It was my intention to write the post last night but, having been up very late the night before and having a full day of running the kids to and from different activities, I conked out about 10:30 ET. We also got a new dog, a beautiful six-year-old cocker spaniel whose previous owner couldn’t (and didn’t from what I can tell) take adequate care of her, so when she hunkered down next to me in bed, I was even less inclined to get up. She’s a terrific dog, very sweet and gentle, and fetches a ball like it ain’t nobody’s business. She’s also extremely smart and quick to learn, a real joy.

I got back from picking up GLG from soccer practice just as the Yankees fell behind 3-2. JD led off the bottom of the first with his 10th homer, a blast to right, but Boston responded with a run in the top of the second with three straight two-out singles–Pettite’s bane all night. The Yanks used the same method–three straight two-out singles–to retake the lead 2-1 in the bottom of the second, but Boston took the lead for good in the top of the third with back-to-back doubles from Ortiz and Youkilis and an RBI single from Bay, 3-2 Boston. Abreu’s third-inning single was erased on A-Rod’s first of two DP balls, earning him boos by the late innings.

Pettite struggled with two-out situations all night, and wasn’t helped by a floating strike zone from home plate ump Jim Reynolds, who certainly squeezed Pettite with a fourth-inning walk to weak-hitting caddie catcher Cash. That and more squeezing to Ellsbury prompted a conference at the mound with Girardi that seemed to last half an hour. It seemed to help on Ellsbury’s being called out on strikes, but that’s about it, for Pettite was chased from the fifth with yet another two-out rally. Bay, Lowrie, and Crisp used the consecutive-singles method to make it 4-2, Crisp stole second, and Bailey’s (first baseman who, with Lowell out–more about that later, moves Youkilis to third) hard-hit ball caromed off third. A-Rod made a great play to field it cleanly and in stride, stopped and threw to first but couldn’t beat Bailey. Giambi then either thought that the call was out and had a total brain fart or, with his sad rag arm, didn’t trust his ability to throw home for, as the apoplectic Giambi stood and wandered off first, Crisp barely paused in rounding third and scampered home, 6-2 Boston. Perfect metaphor for the Yankees season right there, head up the ass baseball.

JD homered again to right, his 11th of the year, in the bottom of the fifth to cut it to 6-3 but, after Jeter and Abreu singled to mount a rally and potentially big inning, A-Rod and Giambi flew out to end that. Three walks in the top of the sixth from the generous Bruney allowed a sac fly from Bay to make it 7-3. Yet again the Yanks mounted a rally that was left unrequited in the bottom of the seventh. Pudge fanned–he’s done precious little since the pox-on-both-houses trade with Detroit–JD walked, Jeter singled, and Abreu walked to load the bases. But A-Rod as the tying run killed it with an easy 6-6-3 DP, with Cora well positioned up the middle, precipitating the aforementioned boos. A throwing error from A-Rod in the top of the eighth only worsened the booing, which I understand but don’t agree with.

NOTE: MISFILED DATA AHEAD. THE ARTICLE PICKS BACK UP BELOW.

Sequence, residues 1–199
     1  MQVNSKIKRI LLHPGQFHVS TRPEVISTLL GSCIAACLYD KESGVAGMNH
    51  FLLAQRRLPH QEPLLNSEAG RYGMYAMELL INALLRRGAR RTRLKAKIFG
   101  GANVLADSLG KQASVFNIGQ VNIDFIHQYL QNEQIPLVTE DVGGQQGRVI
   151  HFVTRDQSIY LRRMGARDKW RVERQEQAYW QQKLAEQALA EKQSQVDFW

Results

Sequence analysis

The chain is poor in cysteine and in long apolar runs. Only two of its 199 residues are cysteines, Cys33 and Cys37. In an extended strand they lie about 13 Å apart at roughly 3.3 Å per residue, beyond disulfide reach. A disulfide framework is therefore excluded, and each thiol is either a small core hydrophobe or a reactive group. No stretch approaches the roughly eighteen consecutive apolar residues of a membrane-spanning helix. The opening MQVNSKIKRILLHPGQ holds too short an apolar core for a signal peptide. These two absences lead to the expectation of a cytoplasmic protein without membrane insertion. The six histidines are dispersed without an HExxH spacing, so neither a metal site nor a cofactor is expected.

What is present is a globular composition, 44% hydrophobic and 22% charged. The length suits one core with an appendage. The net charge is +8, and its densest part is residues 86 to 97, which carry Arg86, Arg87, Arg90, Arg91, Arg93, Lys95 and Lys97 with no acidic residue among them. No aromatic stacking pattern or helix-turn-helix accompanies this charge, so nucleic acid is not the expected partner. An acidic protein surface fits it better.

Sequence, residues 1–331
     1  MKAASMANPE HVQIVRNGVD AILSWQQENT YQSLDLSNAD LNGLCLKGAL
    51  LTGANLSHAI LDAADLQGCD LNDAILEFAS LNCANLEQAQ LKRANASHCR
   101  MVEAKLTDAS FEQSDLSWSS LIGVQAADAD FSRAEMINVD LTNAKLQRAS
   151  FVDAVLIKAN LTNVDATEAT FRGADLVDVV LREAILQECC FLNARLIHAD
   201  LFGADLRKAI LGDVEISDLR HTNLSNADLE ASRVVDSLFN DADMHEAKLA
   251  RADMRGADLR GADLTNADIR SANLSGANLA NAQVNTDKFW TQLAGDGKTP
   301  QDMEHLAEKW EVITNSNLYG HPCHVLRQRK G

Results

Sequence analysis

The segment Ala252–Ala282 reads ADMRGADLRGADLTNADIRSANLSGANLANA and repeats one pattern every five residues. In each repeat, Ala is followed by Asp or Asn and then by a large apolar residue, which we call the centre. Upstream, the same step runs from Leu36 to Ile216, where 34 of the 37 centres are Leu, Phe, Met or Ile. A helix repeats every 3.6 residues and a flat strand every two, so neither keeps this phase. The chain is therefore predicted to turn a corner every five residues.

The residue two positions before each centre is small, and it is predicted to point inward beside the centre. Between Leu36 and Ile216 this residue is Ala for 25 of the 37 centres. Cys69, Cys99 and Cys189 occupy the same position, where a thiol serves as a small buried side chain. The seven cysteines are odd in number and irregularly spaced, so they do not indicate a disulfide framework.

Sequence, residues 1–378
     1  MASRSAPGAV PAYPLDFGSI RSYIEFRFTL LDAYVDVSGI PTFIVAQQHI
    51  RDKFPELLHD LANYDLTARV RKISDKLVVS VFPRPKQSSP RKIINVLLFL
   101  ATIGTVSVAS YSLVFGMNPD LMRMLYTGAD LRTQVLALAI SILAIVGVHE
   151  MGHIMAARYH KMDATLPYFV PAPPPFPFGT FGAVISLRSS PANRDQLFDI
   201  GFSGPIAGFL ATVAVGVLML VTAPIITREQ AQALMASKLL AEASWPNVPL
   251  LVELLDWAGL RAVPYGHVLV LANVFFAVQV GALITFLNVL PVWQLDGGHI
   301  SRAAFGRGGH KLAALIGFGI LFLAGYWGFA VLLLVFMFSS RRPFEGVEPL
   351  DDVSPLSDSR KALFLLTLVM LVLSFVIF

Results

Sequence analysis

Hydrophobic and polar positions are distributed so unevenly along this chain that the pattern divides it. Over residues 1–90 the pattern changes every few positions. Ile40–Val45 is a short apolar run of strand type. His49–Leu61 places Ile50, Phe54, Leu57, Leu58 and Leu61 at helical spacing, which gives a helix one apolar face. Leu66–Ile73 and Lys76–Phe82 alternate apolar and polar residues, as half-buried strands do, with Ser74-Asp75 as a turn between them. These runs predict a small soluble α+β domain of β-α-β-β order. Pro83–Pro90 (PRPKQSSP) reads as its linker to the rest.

Another Yankee rally in the eighth died from seemingly natural causes when Giambi reached on an E4, Nady singled, but Okajima fanned Matsui looking on a borderline curve and got Cano to pop weakly to second. Papelbon then entered and got Pudge to ground out. Nothing came of Jeter’s reaching on an E5 in the ninth, and the Yankees lost.

The top of the Yankees order went 6-13 with 2 runs and 2 RBI–both scoring stats from JD’s two solo shots. Jeter is up to .294 and Abreu .298, while JD continues to have an excellent year at the plate, hitting .313 with 11 homers and 57 RBIs. But A-Rod and Giambi were a combined 0-9, with A-Rod fanning twice and hitting into two DPs.  In his last 19 games, A-Rod has grounded into 9 DPs.  With his error, A-Rod couldn’t have had a worse game. He was horrible. The team left 10 on base, 3 in scoring position, and had one two-out RBI. Boston left 13 on, 6 in scoring position, but had 4 two-out RBIs–similar stats but with the one big difference. The Yankees were 1-8 with RISP, the same-old same old and the same-old culprits. A-Rod is now batting .246 with RISP with 6 GIDPs, and Giambi is an atrocious .203 with RISP.

Pettite was poor, going 4 2/3 and surrendering 10 hits, 6 runs earned, 3 walks, and 3 K’s in 101 pitches/60 strikes. He contributed to his own inefficiency with pitches by allowing so many two-out hits. Sure, he got squeezed at times, but Pettite was his own worst enemy.